How many times do we romanticize something until it has no bearing on the truth? And what happens when faced with the reality of how things really are? That’s the impetus for one of the conflicts that propels this well told romance by Ms. McQuiston.
Lucy, the heroine, is faced with obeying the edicts of her parents, and dying inside, or taking the path less traveled, one she believes a barely known aunt actually lived. She was bequeathed diaries and a cottage and as far as she’s concerned, Lucy is going to choose to live the grand life of a spinster. She thinks she is armed with all the information she needs, written in her aunt’s own hand. The heroine’s rose-colored glasses slowly get a tint adjustment from the hero, Thomas.
Thomas wasn’t what I expected in a hero. He’s rather odd, reclusive and stuffy. He thinks he prefers life as he’s living it and that includes a secret. A secret that I admit to never even coming close to guessing correctly, and because of which, makes this a truly enjoyable read. I love being surprised.
The one thing that Lucy does to Thomas is make him feel. She challenges him, she thwarts him and she beguiles him to the point that he starts imagining seductive scenarios and having intriguing thoughts about having his way with her. It scares him silly, yet, he can’t stay away. That, of course, is too bad because Lucy wants nothing whatsoever to do with him, and that is another plot conflict that was rather fun to watch unfold. How she goes from not trusting him and despising him, to craving him is quite entertaining.
I waffled back and forth about whether or not her parents truly loved her or were using her as a pawn. I think it was a little bit of both, but I’ll let other readers decide for themselves. Certainly the author provided plenty of scenes and info to support both views. Eventually, there is mini HEA of a sort regarding that plot conflict, and I found its delivery engaging. The Spinster’s Guide to Scandalous Behavior is very much a character driven romance. Lucy was a bit too stubborn at times and I felt she should have given in just a bit earlier, like half a chapter’s worth, but then again, she wouldn’t be Lucy if she did cave. She’s quite the firecracker.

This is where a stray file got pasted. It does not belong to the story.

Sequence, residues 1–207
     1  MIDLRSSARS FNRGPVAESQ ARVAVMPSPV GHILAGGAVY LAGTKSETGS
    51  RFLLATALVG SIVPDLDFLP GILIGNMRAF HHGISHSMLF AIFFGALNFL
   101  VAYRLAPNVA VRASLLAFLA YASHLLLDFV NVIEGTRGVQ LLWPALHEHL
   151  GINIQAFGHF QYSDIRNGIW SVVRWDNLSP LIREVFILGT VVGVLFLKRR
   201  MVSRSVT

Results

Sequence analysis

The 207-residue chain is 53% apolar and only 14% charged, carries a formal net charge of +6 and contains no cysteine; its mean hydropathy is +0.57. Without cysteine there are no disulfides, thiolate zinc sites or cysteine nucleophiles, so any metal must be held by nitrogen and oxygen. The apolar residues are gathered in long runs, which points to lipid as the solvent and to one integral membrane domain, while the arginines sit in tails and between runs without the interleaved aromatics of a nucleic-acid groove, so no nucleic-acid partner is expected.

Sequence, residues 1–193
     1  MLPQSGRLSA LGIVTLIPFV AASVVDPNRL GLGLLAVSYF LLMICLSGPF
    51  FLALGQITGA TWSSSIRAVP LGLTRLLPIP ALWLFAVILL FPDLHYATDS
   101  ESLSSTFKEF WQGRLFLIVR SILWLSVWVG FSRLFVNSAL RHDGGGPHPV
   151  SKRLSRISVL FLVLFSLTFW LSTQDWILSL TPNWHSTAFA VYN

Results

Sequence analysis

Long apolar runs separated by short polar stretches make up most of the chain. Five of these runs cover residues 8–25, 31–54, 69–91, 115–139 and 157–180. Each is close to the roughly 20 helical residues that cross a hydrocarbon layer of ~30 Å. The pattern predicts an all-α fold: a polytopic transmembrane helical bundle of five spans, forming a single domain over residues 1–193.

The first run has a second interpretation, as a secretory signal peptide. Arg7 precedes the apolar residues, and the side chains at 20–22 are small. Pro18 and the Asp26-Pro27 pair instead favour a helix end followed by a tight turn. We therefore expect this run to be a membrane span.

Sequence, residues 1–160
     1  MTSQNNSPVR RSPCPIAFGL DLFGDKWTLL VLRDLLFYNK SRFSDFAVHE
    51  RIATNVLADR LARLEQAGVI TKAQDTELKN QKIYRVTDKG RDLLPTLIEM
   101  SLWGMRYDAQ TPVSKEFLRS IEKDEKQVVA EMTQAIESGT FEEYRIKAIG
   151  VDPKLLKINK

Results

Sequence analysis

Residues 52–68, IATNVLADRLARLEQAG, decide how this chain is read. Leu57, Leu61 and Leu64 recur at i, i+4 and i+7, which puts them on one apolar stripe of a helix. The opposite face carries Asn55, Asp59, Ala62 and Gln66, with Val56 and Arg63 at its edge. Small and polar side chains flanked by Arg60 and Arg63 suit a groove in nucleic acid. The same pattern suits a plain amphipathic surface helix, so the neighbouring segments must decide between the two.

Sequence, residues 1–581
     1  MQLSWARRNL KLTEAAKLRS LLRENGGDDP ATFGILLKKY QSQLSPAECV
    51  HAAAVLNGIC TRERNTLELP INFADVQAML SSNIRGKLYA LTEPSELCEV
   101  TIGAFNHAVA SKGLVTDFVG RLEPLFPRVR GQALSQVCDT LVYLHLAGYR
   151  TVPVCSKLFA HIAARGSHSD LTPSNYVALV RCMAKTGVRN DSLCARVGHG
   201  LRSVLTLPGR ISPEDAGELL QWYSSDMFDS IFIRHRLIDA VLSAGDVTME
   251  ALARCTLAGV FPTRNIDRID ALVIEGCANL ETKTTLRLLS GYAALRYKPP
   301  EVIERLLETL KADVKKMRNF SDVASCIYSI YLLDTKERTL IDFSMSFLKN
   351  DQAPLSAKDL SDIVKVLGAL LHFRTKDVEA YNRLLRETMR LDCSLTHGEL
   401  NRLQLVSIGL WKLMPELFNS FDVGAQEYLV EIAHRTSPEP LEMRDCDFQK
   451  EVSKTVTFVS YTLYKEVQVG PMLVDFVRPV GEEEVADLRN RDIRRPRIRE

I liked the many humorous moments, some of the towns people, especially the orphans, and I very much enjoyed watching Lucy discover the many people in real life that she had only read about in her aunt’s diaries. That she knows their secrets when they don’t know her at all was a very clever bit of writing. I enjoyed seeing the heroine try to dig herself out of a hole when she said something about an event she should not nor could not have known. There were many pink-cheeked moments that made me smile.
Ms. McQuiston has written a charming, entertaining and clever romance that I very much enjoyed. The heroine has such an adventurous spirit that she compliments Thomas’s pragmatic and almost proper mien. The hero is Lucy’s rudder and rock, and she’s his life’s spice and dreams of adventure. Between the two of them, they make a miracle happen, and that’s about as romantic as it gets. The Spinster’s Guide to Scandalous Behavior is a book that is easy for me to recommend because it made me care for both Lucy and Thomas, and that’s a good thing.
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